The facts are that there are invariably significant differentials between reimbursement for psychiatrists and other physicians for the same services. An unpublished study performed for SAMHSA - Differential Reimbursement of Providers of Psychiatric Services - offered the following conclusions from its large claims based study; “In 2014, both psychiatrist and non-psychiatrist visits for treatment of patients with a primary psychiatric diagnosis used the same two CPT established patient office visit E/M codes for more than forty per cent of their patients with behavioral health diagnoses. Yet, the in‐network reimbursement for psychiatrists was lower compared to other types of physicians for these services. This finding might explain why psychiatrists are less likely to participate in insurance networks... we (also) demonstrate that consumers who are covered by private insurance go out‐of‐network more than twice as often for psychiatrists than for other non‐medical doctor mental health professionals for the same services to treat behavioral health conditions.” There is a plethora of other unpublished data which correlates with these findings and in many cases, indicates the differentials are greater than indicated here.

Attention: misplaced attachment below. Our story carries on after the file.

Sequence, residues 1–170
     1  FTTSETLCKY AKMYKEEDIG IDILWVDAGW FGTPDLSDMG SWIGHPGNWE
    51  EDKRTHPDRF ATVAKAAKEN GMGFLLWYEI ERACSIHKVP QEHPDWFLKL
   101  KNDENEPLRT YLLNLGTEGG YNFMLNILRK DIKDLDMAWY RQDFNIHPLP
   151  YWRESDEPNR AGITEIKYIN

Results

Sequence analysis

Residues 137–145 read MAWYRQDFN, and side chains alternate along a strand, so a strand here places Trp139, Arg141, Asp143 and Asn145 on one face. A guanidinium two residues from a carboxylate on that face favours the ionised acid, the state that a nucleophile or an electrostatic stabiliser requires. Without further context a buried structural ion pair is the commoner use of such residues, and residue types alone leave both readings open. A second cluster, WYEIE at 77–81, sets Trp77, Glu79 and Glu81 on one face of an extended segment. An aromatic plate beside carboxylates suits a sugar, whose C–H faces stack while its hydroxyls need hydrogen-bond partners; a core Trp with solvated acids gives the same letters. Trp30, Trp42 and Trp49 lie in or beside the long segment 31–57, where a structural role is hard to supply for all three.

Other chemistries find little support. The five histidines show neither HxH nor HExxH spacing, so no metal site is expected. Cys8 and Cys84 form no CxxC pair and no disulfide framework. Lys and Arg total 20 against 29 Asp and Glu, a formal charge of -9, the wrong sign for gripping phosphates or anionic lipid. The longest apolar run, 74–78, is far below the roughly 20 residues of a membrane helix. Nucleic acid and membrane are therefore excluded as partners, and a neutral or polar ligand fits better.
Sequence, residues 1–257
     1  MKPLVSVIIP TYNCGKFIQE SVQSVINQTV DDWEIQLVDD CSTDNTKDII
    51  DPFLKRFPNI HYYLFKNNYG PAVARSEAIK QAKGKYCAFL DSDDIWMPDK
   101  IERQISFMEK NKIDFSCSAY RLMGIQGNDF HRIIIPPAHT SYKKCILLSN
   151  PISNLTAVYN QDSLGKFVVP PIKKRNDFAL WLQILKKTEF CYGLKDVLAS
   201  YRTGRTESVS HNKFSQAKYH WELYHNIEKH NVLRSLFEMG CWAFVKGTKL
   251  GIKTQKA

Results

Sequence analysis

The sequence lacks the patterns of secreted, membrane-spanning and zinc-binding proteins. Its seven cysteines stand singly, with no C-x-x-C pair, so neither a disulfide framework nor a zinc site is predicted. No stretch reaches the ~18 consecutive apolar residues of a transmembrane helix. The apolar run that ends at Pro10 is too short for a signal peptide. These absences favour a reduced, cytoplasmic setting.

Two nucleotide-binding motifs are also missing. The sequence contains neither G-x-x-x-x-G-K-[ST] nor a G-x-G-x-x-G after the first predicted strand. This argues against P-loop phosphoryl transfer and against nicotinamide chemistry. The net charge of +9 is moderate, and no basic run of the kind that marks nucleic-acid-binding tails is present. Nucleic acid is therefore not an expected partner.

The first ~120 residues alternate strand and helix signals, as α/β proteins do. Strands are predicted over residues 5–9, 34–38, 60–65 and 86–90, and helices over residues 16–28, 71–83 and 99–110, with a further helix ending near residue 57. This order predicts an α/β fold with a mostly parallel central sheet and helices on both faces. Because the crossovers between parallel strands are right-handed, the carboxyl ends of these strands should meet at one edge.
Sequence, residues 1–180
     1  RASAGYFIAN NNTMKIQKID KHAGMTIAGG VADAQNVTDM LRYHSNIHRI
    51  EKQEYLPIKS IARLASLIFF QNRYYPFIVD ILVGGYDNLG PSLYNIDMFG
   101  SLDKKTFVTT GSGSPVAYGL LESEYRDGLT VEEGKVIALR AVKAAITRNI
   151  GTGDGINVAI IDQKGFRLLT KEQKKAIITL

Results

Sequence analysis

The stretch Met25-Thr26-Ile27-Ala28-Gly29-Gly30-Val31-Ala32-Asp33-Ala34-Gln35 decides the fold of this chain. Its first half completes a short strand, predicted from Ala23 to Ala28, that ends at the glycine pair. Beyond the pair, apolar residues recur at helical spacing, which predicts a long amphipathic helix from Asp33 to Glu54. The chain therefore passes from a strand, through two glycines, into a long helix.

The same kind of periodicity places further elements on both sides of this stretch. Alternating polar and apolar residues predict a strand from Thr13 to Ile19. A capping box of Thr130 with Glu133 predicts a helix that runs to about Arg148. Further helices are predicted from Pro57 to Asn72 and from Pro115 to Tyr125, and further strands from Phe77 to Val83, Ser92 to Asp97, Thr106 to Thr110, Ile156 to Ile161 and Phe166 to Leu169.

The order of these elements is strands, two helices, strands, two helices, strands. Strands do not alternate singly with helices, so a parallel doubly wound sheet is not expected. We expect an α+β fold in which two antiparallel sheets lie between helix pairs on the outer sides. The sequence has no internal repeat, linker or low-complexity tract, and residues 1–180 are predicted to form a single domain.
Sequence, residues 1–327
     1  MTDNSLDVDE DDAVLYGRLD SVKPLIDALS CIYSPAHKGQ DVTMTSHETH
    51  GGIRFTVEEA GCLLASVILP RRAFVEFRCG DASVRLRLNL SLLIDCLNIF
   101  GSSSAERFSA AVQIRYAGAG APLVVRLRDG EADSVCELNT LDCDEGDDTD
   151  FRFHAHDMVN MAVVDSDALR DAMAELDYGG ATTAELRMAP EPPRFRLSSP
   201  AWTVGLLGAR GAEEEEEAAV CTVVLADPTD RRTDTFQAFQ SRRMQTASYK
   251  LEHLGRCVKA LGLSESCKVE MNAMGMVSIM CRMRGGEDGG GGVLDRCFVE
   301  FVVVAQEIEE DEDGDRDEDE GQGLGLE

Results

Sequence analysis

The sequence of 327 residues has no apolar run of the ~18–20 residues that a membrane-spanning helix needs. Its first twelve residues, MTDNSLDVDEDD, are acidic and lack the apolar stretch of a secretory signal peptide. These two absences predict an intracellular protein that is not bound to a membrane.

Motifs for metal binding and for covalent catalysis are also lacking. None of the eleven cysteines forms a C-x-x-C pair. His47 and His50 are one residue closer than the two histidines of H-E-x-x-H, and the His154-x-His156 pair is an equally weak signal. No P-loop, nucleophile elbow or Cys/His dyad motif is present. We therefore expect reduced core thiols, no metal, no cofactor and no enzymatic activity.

It may well be that plan application of discretionary factors in setting rates passes muster under the NQTL parity tests. We acknowledge that there is an allowance for variance in results. However, result variance is only valid where in fact the methodologies utilized by plans can justify the result per the regulatory tests. We do not think plan methodologies have been adequately vetted in this regard and the fact that psychiatric physicians are consistently paid less for identical medical work suggest that this is in order and if the discretionary variables in a plan’s payment methodology are being routinely used in a discriminatory manner which results in lower rates. This lack of oversight and review by authorities of jurisdiction is in part due to a lack of informed guidance on the issue. As noted above, the Departments noted that additional guidance may be forthcoming if questions persist. We would note that at the July 27, 2017 Listening Session the request for more guidance was also made by groups representing health plans. We concur and would welcome the opportunity to present additional information on a methodology to review the rate question and offer the views of the actuarial consultant - Milliman - we work with.